Obituary: Roger Luard

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The Independent Culture
ROGER LUARD left one of the firmest and most unassailable legacies of any media executive Britain has known. He rode, masterfully, the key trends in the media, taking what had been an oil services company, Flextech, and creating out of it Britain's first independent supplier of pay-TV channels, worth at its 1996 high an incredible pounds 1bn.

An intensely driven, peripatetic, agile-minded man, he worked hard and long to make his at times derided vision of the media future really happen; by the time of his death, he had secured Flextech's position at the heart of the multi-channel revolution.

"He made a huge difference to establishing multi-channel TV," said David Montgomery, the chief executive of Mirror Group. "He accomplished this because he had a vision that went well beyond what others were thinking or doing."

Sam Chisholm, former chief executive of the satellite television giant BSkyB, said of Luard: "The great thing was he had a naturally good mind. He saw angles in everything. He was smart enough to spot the opportunities as he went through."

Luard was born in 1948, trained as an accountant, and joined Flextech in 1986 after a career in industry and a stint at an investment bank. Under his stewardship, the company invested in cable operations and made one of its first forays into cable and satellite television, acquiring a stake in the Children's Channel. But it was the merger of Flextech and the UK operations of the US cable giant TCI in 1994 that really launched the modern variant of the company, a deal driven by Luard himself.

By 1996, Flextech had interests in several cable and satellite channels, and had embarked on a ground-breaking deal with the BBC to create the public service corporation's first multi-channel business in Britain.

"Without Roger's drive and determination, the deal would never have been completed," said Bob Phillis, chief executive of Guardian Media Group and the former head of BBC Worldwide. "On several occasions over the 18 months of negotiations, we came close to failing, but Roger always found a way forward."

His negotiating tactics were legendary. Focused, highly strung, relentless, he could keep multiple agendas in his head, weighing openings when they presented themselves and shifting strategy when he sensed the need. He out-thought his opponents by staying one or two steps ahead of them. He drove his staff mad with new ideas and constantly changing strategic options. So committed a deal-maker, so active a negotiator, he had to wait several years before cashing in his stock options. "I'm always in bloody close period," he used to complain.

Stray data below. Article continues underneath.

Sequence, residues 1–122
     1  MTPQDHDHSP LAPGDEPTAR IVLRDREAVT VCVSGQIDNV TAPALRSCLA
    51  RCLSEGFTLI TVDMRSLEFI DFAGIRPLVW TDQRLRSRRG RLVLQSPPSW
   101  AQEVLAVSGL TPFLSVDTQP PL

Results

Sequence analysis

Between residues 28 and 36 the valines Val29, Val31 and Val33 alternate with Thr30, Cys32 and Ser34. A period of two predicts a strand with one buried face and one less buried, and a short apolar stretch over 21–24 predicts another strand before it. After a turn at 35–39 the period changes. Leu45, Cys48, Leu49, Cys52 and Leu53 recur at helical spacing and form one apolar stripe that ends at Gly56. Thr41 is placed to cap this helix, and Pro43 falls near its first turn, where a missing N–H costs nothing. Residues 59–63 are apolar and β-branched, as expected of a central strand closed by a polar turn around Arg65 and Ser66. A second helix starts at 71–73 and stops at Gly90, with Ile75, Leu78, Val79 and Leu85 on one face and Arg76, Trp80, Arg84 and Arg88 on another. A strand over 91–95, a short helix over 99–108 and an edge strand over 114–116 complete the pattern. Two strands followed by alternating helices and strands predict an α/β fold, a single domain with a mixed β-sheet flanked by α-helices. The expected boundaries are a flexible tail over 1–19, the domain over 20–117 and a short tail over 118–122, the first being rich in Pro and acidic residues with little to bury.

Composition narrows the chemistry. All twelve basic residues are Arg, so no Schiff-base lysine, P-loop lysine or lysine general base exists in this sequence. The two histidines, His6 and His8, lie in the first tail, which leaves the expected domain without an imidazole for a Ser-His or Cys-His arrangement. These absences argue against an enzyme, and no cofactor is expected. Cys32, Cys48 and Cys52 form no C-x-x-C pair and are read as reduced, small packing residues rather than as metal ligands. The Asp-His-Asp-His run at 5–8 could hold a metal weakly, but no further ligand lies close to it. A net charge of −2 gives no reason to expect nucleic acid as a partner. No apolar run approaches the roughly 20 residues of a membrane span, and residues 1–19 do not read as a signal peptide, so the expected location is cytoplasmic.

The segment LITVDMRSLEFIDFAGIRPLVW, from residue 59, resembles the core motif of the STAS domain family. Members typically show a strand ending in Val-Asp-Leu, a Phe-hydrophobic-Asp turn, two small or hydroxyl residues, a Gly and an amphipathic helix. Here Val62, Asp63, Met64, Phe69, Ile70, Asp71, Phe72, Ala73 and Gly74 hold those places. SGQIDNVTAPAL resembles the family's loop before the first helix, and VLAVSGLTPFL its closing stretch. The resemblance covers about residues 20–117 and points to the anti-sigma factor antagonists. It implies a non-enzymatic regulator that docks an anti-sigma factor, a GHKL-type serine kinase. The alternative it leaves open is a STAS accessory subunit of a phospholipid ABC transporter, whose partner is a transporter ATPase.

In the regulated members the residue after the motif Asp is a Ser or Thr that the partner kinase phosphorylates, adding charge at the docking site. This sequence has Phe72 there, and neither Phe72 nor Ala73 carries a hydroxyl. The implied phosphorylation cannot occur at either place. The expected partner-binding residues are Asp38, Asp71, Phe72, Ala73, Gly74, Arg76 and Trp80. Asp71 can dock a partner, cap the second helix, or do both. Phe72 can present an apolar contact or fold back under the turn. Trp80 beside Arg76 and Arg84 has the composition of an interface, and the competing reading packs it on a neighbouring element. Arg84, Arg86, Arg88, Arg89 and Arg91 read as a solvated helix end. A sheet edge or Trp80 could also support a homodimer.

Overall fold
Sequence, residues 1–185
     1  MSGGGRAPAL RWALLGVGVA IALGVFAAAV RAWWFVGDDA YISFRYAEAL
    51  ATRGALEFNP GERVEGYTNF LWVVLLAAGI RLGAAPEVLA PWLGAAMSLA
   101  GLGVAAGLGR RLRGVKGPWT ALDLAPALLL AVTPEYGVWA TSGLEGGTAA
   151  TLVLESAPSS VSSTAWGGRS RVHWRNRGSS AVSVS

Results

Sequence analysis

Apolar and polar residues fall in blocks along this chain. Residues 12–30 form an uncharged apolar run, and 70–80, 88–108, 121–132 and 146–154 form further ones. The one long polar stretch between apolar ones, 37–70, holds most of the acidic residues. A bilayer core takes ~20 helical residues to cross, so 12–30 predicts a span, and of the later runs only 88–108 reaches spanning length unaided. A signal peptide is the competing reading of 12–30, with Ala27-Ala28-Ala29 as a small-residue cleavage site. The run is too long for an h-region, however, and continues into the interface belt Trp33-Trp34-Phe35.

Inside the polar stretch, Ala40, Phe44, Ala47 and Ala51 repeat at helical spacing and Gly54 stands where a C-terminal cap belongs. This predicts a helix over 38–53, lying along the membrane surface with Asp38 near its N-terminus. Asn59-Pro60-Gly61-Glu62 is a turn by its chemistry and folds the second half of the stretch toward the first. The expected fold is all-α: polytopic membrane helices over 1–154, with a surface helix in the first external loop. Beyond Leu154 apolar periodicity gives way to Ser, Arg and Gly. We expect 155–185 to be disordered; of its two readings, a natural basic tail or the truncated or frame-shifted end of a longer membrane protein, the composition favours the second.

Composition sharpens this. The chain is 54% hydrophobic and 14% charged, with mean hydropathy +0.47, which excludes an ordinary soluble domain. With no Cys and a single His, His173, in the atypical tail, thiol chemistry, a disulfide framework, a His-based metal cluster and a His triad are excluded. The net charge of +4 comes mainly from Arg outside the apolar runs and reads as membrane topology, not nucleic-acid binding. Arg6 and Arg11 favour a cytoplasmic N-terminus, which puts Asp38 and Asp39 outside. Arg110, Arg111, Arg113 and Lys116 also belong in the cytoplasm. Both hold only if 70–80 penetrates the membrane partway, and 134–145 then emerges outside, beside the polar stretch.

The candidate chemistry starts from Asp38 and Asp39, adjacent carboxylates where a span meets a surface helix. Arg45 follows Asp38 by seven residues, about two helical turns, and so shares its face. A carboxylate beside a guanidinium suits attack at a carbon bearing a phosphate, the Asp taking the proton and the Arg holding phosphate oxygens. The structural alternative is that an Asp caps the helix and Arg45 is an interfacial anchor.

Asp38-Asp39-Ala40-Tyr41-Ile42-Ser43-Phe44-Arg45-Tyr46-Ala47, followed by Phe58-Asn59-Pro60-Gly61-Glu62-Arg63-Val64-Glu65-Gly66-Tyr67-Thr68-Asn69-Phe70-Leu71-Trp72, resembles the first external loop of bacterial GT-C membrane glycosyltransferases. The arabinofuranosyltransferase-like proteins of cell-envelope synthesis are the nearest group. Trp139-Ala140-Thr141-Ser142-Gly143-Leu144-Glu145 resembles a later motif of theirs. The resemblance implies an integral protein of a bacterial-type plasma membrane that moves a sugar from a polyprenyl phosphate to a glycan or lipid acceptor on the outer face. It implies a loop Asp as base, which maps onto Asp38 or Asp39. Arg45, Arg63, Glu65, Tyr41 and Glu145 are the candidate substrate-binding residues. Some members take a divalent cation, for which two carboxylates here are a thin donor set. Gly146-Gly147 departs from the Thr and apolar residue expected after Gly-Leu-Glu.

Frustratingly for some of his colleagues, he was more interested in the deal than in the underlying operations. "Why do we need all those people?" he used to ask his colleagues on visits to the Camden offices in north London. "We need them to run the channels you've set up," would come the sensible reply. For his part Luard just went on to the next deal, the next strategy.

Sometimes he was wrong, but not on the things that mattered. He knew more about pay-TV and the new multi-channel industry than anyone else in the country. He knew, for instance, that the key to the business was "distribution, distribution, distribution." And he proved it when he secured lucrative distribution arrangement for Flextech's channels not only with the cable operators but with the mighty BSkyB, at a time when the industry had realised, finally, that there was urgent need for improved content, and branded channels, to drive the pay-TV business.

Until recently, he played as hard as he worked. "He would always find time to see his friends and colleagues of an evening," David Montgomery said. "And he was loyal. He didn't drop you when you were no longer useful to his business."

When I, as a journalist, first met Luard in 1995, he immediately charmed me. For my benefit, his patter, punctuated with "hey guys" and "you gotta understand", was geared to suit my North American ear. He tailored his speech to charm when he wanted to; but he didn't shy away from strong language when it was time to drive a point home. Certainly when I wanted to write something he didn't want to see in print, the charm was off. "You write that and I'll break your legs," he would say. Or something worse, involving a different fate to a different part of my anatomy.

He could be brash and even vulgar, and had a wicked schoolboy's humour. His jokes were often off-colour, and his dark moods before his first cappuccino of the day will always be remembered at Flextech's Great Portland Street headquarters. But he was genuinely kind, and grew far softer in his attitudes following the adoption of a son, Harry, three years ago, and the subsequent adoption of his daughter Isabella. He came even closer to his wife, Roly, and enjoyed tremendously his weekends with the family in Gloucestershire.

Roger Luard, who suffered from an incurable neurological disease that affected first his eyesight and then his other faculties, will be remembered through the industry as a media giant. His company was more modest than some of the big media conglomerates; he was less often written about than Rupert Murdoch or John Malone; but, without him, UK broadcasting would have been less vibrant, less confident, less evolved. He was a true mogul; not a Murdoch, perhaps, nor a Malone, but he breathed the same air. Had he lived, who knows what more he might have done?

Roger Luard, television executive: born 21 November 1948; chief executive, Flextech 1986-98; married 1972 Roly Dewar (one son, one daughter); died London 15 August 1998.

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